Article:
The children’s bikes in the entrance porch casually propped against four aged-stone saintly figures tells you in an instant that a visit to Huntington Castle [see footnote] is likely to be memorable. They also act as a reminder that this historic, four-hundred-year-old castle near Clonegal, Ireland is also very much a present-day family home.
Built in 1625, it held a strategic position on the trade route between Dublin and Wexford but fell to the invading (English) Cromwellian army in 1650. By the time of its capture much of the garden as seen today had been laid out.
As might be expected of a grand country house, the castle has its fair share of richly decorated rooms and it is possible to visit these during the summer months subject to any Covid-19 restrictions that may be in force, of course. However, it is the basement cellars of the castle that hold the biggest surprise for it is here that you will find the Temple of Isis. The Fellowship of Isis, founded in 1976 by members of the family was, in 1993, recognised as a world faith, the first time that the Goddess had been internationally acknowledged. I have always considered myself to be open to alternative beliefs and cultures but, to be honest, I found the Temple and its purpose difficult to understand or appreciate. For me, the decor and artefacts were too theatrical, almost farcical. I half-expected Angela Lansbury’s Mrs Salome Otterbourne from the film Death on the Nile to appear from behind one of the wall hangings. However, I am obviously wrong as there is a worldwide following of over 24,000 in a hundred countries or more.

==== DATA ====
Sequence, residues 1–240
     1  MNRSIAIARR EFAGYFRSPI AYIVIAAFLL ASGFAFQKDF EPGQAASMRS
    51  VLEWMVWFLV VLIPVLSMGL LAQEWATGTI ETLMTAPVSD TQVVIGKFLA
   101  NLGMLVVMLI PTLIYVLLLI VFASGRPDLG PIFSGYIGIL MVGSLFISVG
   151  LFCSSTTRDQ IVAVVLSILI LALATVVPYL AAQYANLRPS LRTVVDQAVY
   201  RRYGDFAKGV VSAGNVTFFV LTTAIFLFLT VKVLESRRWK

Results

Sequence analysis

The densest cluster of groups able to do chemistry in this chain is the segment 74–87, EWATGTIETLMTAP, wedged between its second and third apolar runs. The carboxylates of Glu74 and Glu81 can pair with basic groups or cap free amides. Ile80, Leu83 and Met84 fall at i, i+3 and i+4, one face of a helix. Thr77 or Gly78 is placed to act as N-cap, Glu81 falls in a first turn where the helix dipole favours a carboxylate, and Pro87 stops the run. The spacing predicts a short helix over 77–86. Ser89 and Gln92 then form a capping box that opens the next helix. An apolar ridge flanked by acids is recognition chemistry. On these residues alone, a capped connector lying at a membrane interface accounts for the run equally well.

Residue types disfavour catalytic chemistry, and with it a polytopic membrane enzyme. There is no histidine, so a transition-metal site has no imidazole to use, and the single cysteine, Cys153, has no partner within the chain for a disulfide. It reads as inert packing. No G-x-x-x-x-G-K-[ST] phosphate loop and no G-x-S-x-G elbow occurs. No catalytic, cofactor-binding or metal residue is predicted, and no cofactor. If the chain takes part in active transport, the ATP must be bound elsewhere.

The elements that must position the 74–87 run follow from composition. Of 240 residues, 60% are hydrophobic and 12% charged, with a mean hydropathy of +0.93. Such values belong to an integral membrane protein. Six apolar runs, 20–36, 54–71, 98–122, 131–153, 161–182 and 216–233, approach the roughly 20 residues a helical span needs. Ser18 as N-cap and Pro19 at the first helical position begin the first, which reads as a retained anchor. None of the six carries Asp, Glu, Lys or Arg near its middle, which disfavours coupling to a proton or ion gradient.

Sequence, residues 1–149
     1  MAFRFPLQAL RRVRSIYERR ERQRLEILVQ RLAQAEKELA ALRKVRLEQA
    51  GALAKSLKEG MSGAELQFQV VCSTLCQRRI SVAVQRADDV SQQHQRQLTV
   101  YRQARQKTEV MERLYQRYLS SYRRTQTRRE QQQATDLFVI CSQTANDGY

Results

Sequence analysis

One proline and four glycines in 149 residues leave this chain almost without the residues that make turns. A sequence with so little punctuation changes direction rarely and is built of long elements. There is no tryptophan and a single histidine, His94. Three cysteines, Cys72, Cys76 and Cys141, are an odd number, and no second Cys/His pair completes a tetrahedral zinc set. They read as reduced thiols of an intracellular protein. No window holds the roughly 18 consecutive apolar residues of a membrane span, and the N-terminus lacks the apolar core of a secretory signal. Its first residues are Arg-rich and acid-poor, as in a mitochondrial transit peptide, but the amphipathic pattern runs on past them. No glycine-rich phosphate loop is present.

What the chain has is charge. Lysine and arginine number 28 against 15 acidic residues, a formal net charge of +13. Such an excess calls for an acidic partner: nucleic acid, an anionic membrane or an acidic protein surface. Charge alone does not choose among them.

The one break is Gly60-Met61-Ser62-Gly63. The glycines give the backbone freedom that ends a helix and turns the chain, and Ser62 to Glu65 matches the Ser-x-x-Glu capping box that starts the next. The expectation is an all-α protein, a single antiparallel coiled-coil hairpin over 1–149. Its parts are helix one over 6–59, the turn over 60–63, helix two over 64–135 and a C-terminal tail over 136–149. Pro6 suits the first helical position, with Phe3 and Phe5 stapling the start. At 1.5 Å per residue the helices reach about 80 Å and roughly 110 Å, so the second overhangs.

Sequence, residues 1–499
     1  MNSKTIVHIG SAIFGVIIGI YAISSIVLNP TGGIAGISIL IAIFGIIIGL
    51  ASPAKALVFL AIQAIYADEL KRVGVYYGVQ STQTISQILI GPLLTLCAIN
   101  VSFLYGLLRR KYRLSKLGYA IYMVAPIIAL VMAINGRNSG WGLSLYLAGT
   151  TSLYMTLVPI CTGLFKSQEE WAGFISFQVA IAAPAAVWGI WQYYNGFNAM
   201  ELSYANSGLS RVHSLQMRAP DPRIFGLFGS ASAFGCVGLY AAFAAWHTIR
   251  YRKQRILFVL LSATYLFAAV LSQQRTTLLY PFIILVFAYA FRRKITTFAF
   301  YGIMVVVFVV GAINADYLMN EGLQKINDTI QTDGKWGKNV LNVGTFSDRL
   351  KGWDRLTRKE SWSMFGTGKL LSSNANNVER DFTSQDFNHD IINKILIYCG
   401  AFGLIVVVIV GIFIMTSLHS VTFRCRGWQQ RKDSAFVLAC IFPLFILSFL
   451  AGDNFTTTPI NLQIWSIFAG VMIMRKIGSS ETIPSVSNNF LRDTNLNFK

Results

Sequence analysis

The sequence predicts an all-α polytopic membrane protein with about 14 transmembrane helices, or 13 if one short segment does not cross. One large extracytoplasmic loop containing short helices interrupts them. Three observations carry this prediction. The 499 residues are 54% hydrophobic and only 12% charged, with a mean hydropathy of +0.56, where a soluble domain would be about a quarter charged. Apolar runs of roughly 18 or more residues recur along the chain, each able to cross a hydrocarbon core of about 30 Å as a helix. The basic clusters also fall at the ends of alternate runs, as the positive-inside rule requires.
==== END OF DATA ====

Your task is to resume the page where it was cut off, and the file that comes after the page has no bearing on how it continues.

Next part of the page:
My real appreciation of Huntington Castle came from exploring the grounds which are quite beautiful. For the photographer, opportunities abound for around every corner there is a vista or ancient building vying for the title of most picturesque. The castle itself is better appreciated from the outside too, for there are numerous ‘odd’ windows and contrasts of building materials tucked away and waiting to be noticed – the result of centuries of alterations and extensions.
I came away from Huntington Castle somewhat confused. In some ways, I felt a little let down by it, in others quite uplifted. Would I visit again? Most definitely. For it is its quirkiness, eccentricity, ancient trees and moss-encrusted stones that leave you slightly unsettled making the visit all the more worthwhile.